Issues relating to climate change and the push to net, or absolute zero, are now part of our daily news and discourse and industries across the globe are considering how they can adapt to the new reality. The NEC has thrown its hat into the ring with a new optional clause (X29) setting out provisions which attempt to make construction greener and cleaner. The clause is being published on a consultative basis and welcomes representations from across the industry on the principles, the drafting and the terminology used. In line with the general ethos of the NEC, the clause seeks to create a balance of risk sharing and incentivisation between contractor and employer; one which is likely to be needed across the industry if we are to achieve significant carbon reductions.
We are living on the verge of a climate emergency and the built environment accounts for over a third of UK carbon emissions. That’s not a statistic we can be proud of, but every cloud has a silver lining. For construction it’s the huge opportunity to innovate and reinvent the industry, and in doing so make a massive contribution to the drive to net, or even absolute, zero.
There have already been some tangible successes. Last year, Mayfield, a significant Manchester urban development scheme, carried out the first commercial concretene pour: a graphene enriched concrete with a carbon footprint around 33% lower than regular concrete.
That’s a good start, but the industry has much more to do. In particular, it has not yet widely adopted climate wording or targets in its contractual arrangements, save for very specialist projects.
The NEC4 Contract hopes that it can change this and has published, on a consultative basis, a new optional sustainability clause: X29. It includes:
a requirement to include ‘Climate Change Requirements’ in the Scope. A failure to meet these will be a Defect.
the inclusion of a Performance Table which incentivises the contractor’s performance of certain targets. These aren’t explicitly linked to the Climate Change Requirements and so may well be different targets. The Performance Table is capable of being adjusted through compensation events.
the need for an early warning to be provided where it is considered that the ‘Climate Change Requirements’ cannot be met.
an obligation for a ‘Climate Change Execution Plan’ to be produced and updated from time to time.
a requirement for the Scope to set out the extent to which the Climate Change Requirements are disclosable e.g. to enable an organisation to confirm it has met its climate targets.
the ability for the Contractor to propose changes which reduce the impact of the project on the climate - either during the build or the future use of the project.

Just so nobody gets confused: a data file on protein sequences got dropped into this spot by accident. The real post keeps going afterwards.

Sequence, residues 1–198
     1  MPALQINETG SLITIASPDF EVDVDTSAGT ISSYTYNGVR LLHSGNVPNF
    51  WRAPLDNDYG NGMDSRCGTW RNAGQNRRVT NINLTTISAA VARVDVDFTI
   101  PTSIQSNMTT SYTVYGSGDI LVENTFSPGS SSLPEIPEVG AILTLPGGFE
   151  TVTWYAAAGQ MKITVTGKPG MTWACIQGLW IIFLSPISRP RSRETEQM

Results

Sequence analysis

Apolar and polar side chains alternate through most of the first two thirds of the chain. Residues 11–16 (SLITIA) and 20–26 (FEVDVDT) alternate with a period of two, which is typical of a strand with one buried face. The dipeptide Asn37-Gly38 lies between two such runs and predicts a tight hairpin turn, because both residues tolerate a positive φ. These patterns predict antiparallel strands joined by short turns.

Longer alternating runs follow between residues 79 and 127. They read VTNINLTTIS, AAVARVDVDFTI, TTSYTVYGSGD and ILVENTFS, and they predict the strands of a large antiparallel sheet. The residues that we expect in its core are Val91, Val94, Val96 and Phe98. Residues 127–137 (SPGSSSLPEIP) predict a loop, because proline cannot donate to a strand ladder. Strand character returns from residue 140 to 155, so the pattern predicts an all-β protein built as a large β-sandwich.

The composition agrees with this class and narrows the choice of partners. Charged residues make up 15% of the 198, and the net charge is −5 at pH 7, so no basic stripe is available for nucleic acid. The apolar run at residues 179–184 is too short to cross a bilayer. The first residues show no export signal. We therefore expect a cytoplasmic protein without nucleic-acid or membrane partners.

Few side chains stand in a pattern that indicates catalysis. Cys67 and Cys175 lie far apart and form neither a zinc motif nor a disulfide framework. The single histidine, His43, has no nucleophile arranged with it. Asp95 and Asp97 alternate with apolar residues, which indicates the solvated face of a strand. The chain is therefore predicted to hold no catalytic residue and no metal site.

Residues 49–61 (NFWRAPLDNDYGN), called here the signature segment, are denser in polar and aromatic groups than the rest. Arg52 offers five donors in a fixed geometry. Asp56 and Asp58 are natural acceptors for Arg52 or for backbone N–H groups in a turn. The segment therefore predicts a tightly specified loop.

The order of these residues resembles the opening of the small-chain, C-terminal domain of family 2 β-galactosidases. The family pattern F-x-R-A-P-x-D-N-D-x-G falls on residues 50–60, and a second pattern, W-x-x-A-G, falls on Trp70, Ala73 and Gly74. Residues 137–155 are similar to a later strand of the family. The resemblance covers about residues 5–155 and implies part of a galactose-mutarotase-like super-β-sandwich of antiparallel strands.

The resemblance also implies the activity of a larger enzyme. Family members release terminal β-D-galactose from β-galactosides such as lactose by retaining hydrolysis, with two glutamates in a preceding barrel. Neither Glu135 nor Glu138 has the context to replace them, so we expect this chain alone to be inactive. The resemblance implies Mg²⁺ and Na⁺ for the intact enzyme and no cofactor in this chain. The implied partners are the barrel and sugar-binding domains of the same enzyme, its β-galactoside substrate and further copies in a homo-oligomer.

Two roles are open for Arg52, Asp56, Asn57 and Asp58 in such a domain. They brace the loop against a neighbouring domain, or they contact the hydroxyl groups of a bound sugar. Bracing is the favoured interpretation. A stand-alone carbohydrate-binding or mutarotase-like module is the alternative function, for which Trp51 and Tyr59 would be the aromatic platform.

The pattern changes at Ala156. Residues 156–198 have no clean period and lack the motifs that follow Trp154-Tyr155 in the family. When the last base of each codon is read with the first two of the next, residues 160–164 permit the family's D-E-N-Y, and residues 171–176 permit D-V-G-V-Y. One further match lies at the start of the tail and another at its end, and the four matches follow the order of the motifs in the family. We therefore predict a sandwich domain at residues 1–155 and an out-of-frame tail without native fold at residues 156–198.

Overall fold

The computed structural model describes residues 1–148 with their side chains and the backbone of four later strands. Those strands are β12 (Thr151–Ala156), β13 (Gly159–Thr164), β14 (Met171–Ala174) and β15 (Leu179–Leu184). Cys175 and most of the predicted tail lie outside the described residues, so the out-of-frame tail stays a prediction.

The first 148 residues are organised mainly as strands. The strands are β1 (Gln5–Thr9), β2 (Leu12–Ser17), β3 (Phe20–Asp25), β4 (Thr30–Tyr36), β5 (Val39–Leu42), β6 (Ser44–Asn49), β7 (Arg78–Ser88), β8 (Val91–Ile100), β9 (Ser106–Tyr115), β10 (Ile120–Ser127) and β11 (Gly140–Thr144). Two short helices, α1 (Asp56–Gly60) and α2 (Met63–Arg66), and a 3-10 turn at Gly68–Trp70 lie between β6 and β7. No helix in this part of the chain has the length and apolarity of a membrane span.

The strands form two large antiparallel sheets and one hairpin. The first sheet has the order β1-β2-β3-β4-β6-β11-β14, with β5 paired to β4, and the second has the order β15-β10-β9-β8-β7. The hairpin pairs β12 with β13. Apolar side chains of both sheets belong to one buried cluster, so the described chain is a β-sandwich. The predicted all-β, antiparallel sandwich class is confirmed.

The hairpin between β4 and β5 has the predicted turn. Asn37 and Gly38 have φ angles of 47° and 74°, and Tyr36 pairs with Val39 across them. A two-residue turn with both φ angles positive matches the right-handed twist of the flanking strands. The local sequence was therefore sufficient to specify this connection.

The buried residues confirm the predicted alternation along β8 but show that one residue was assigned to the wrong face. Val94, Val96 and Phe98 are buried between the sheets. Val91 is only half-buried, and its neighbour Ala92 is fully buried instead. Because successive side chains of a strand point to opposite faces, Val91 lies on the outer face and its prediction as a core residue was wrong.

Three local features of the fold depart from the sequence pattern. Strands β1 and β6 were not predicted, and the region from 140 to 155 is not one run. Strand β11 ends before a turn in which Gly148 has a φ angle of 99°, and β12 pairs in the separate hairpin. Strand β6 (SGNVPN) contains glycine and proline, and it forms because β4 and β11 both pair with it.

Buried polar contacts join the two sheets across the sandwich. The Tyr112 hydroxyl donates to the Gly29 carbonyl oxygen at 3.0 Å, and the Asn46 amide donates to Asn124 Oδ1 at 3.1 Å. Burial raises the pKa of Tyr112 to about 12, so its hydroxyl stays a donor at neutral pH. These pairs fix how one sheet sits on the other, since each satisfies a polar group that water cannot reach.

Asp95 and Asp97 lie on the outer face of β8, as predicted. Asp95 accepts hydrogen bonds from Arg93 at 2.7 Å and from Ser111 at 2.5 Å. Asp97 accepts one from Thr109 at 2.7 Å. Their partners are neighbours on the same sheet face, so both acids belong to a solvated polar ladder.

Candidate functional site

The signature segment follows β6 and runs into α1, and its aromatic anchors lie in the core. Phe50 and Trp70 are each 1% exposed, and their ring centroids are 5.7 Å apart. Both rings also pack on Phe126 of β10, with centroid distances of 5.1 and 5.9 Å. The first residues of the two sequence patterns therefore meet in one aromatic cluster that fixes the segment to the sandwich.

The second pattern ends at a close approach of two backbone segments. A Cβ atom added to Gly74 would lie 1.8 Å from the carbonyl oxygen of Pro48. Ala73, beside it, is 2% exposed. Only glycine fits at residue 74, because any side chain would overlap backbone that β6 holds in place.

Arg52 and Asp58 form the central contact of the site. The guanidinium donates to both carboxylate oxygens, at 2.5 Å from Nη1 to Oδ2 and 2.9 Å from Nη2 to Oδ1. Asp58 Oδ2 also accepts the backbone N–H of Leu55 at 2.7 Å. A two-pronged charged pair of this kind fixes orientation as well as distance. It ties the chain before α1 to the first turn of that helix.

The NEC is not the only organisation seeking to use legal drafting to tackle climate change. The Chancery Lane Project, a worldwide pro-bono venture, publishes net-zero aligned clauses to be used across a range of commercial contracts. These could be adapted with further bespoke drafting where the requirement is for absolute zero.
The construction clauses range from a requirement to design projects to withstand climate change, to off-setting carbon emissions, to provisions similar to the NEC clause, i.e. rewarding a contractor for compliance with required targets.
Whilst all this is undoubtedly positive and a great step in the right direction, thought needs to be given to how these provisions will sit within the current working practices of the industry.
The typical approach over recent decades has been to pass risk down to the supply chain. This model is becoming increasingly unworkable not least because of the market and pricing instability currently being experienced, particularly for commodities and shipping; all making it more difficult to price effectively. At the launch of X29, NEC has been clear that its intention is not for contractors to bear all the risk of reducing carbon emissions but for this to be a wider project goal.
This makes sense – construction’s carbon emissions cannot be solved by the supply chain alone and the NEC drafting attempts to drive this behaviour. For example, setting down Climate Change Requirements requires consideration at all stages of the procurement process and by all stakeholders as to what the climate impact of the project is likely to be and what steps can be taken to address this, as well as where the costs for this sit. It will also require all parties to monitor and record the progress of the project as against the requirements and targets.
Further, the early stages of transition will almost certainly require novel solutions and methods of working. There is a question mark over how this will fit into the common design and build structure with single point responsibility. A contractor may be deterred from using an untested, but potentially carbon saving, method of working if it is concerned about taking on liability for cutting edge technology.
There’s been a huge drive in recent years for construction to be more collaborative, and to promote the benefits of this for more equitable risk management and better project outcomes. Climate change, the ultimate global risk, may provide a perfect demonstration of the possible benefits.
The consultation period for the NEC’s clause X29 closes on 13 May and representations from the whole of the industry are being sought.